Formant: what is a formant?

Formant was defined by Gunnar Fant (1960): 'The spectral peaks of the sound spectrum |P(f)| are called formants'. This definition is the one broadly used in acoustics research and industry. For instance, Benade (1976) uses a similar definition of formant: 'The peaks that are observed in the spectrum envelope are called formants'. In parts of the speech research community, however, 'formant' has come to have other meanings. This page discusses the different usages.

After defining formant, Fant (1960) then defines resonance frequencies of the vocal tract in terms of a gain function T(f) of the vocal tract: 'The frequency location of a maximum' in |T(f)|, i.e., the resonance frequency, is very close to the corresponding maximum in spectrum P(f) of the complete sound.' He then writes: 'Conceptually these should be held apart but in most instances resonance frequency and formant frequency may be used synonymously.' Hence the problem: resonance and formant are indeed conceptually distinct. Several examples below make this clear. However, some writers about the voice use the terms interchangeably.

There is even a third meaning in voice research. The acoustics of the vocal tract are often modelled using a mathematical model of a filter (Atal and Hanauer, 1971). The frequencies of the poles of this filter model fall close to those of the formants. As a result, some voice researchers now refer to the frequencies of the poles as formants. So, to some voice researchers, the formant refers to a peak in the spectrum (a property of the sound of the voice), to others it refers to a resonance of the vocal tract (a physical property of the tract), while to a third group it refers to the pole in a mathematical filter model (a property of a model).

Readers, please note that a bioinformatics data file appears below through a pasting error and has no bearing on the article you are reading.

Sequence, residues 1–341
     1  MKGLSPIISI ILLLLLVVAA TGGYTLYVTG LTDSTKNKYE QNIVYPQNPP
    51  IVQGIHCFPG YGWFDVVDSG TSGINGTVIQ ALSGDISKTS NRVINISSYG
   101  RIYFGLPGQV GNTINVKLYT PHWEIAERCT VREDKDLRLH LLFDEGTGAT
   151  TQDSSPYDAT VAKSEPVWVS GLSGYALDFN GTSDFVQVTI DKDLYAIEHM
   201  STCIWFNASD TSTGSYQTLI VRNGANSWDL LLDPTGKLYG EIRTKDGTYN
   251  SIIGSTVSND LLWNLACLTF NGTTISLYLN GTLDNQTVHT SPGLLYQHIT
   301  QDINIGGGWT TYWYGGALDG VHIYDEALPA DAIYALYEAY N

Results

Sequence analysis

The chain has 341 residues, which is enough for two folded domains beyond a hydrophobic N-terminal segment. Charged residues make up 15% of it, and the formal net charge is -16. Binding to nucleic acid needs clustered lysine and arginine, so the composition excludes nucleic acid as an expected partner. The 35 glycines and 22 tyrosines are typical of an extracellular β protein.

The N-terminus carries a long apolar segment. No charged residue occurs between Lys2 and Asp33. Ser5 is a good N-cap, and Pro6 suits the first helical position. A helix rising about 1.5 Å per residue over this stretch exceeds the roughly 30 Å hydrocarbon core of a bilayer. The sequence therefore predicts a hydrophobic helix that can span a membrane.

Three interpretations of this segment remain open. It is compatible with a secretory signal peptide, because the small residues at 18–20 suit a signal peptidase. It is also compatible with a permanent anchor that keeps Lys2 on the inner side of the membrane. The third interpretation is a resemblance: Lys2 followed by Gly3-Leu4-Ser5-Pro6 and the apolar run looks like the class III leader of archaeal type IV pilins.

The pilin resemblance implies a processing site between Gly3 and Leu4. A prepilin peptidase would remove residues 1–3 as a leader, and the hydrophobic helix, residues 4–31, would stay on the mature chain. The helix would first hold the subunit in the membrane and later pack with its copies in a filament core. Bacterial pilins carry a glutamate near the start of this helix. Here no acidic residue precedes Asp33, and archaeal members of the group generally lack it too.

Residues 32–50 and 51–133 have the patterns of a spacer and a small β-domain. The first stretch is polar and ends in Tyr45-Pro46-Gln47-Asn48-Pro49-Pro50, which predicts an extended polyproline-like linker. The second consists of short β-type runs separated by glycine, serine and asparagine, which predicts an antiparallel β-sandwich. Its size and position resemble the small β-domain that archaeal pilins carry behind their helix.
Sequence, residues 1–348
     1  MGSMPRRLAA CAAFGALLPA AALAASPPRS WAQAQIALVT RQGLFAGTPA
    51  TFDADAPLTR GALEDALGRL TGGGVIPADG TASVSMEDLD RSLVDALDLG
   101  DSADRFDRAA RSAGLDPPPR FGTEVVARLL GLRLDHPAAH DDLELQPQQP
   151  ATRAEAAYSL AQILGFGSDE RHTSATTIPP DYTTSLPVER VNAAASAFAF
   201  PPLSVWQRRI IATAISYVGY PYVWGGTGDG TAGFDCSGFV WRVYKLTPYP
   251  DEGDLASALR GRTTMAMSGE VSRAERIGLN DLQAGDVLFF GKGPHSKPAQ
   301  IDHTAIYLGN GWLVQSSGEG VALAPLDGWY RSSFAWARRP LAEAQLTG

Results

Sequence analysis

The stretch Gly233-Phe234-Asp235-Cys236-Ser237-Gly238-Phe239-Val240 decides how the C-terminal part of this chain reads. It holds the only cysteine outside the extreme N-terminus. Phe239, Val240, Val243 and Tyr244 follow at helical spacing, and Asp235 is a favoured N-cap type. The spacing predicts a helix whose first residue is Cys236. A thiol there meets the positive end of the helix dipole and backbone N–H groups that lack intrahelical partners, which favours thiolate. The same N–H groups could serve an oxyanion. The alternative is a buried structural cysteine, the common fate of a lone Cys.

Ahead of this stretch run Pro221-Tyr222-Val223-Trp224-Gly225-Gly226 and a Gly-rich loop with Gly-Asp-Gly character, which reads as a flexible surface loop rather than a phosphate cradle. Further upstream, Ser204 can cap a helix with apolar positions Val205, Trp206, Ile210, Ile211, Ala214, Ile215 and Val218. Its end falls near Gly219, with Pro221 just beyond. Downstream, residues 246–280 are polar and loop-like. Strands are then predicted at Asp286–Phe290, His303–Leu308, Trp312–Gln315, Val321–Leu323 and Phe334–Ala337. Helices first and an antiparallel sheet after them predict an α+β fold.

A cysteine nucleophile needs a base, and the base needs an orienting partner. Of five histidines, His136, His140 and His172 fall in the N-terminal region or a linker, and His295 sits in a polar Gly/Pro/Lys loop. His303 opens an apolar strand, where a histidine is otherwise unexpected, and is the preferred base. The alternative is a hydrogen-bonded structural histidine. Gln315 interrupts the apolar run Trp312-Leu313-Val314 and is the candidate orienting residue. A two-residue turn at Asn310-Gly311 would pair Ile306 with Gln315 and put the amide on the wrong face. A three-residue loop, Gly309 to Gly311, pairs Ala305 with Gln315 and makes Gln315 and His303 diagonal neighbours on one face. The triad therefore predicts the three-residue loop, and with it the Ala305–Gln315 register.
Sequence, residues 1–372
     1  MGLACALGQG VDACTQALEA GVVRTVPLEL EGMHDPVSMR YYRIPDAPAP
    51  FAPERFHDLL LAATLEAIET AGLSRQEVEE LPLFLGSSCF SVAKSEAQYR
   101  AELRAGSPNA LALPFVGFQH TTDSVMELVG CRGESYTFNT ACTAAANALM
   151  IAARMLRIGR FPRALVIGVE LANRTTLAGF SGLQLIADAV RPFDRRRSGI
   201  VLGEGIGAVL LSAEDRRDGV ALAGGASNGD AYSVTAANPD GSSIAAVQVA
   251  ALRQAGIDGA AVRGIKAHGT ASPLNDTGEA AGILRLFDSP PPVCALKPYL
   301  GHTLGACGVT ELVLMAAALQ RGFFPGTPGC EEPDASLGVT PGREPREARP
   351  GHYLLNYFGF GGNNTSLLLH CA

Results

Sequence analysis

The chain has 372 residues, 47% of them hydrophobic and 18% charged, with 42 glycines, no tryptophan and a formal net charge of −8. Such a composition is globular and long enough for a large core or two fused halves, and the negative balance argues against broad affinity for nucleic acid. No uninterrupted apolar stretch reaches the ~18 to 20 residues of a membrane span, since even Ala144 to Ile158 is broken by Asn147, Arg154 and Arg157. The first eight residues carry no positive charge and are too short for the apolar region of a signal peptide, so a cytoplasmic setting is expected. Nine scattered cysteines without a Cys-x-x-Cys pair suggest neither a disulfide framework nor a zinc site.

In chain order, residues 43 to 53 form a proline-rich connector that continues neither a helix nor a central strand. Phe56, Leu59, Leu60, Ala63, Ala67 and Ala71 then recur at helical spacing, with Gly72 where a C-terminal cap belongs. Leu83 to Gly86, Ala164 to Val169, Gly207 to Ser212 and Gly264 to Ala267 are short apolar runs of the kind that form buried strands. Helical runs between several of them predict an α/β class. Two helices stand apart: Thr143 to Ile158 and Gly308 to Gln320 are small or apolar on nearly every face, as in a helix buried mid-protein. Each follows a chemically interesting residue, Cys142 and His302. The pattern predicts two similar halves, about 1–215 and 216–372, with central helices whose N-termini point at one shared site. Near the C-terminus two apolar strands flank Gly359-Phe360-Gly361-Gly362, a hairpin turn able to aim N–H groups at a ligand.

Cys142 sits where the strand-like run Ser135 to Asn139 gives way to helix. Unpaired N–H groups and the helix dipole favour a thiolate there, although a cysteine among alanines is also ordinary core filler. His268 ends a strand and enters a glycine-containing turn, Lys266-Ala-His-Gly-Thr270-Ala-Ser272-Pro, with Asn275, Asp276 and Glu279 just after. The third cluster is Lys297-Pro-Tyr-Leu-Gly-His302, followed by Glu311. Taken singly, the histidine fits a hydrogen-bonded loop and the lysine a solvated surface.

In the broader field of acoustics, formant retains its original meaning: a broad peak in the spectral envelope of the sound (of a voice, musical instrument, room etc). When referring to the formant at about 400 Hz in the sound of the French horn, it is obviously a peak in the spectral envelope that is meant, not one of the resonances. Further, in speech and singing research, many writers also use this original meaning, particularly when discussing the singers formant and actors formant, which are broad peaks in the spectral envelope occurring around 3 kHz.

Does it matter? For the voice, a resonance at a frequency Ri gives rise to a spectral maximum at frequency Fi which may produce in a filter model a pole at frequency Pi. Usually, the three frequencies have similar values. However, as Fant observed, they are conceptually distinct. Let's take some examples:

  • Consider a vocal tract with a resonance at 500 Hz, which is being excited by the larynx producing a fundamental frequency of 1 kHz (near C6, the high C for sopranos). There is no spectral maximum at 500 Hz. In this case there is a resonance R1 but no corresponding spectral peak F1. Here of course the difference does matter.
  • Consider the singers formant or singing formant, a broad band of enhanced power noticed in the spectral envelope of classically trained male singers (and possible others) in a range. Sundberg (1974) attributes this formant to a clustering of the third, fourth and fifth resonances of the vocal tract. Here, where three resonances are thought to give rise to one formant, the distinction between formant and resonance is important.
  • Consider a glottal source with a negative spectral slope, input to a vocal tract that (including radiation impedance) has a resonance at R1. The peak in the spectral envelope of the radiated sound in this case has a frequency less than R1. In this case, if one is estimating the spectral peak from the harmonic spectrum of the output voice, the difference between the two is less than the precision of the estimation, so the distinction is usually not important.
  • Consider a musical wind instrument, whose bore radiates weakly below some frequency f, and which is excited by a reed or lip valve whose spectral envelope falls with frequency. Here the output sound has a spectral envelope peak that has nothing at all to do with the resonances of the bore.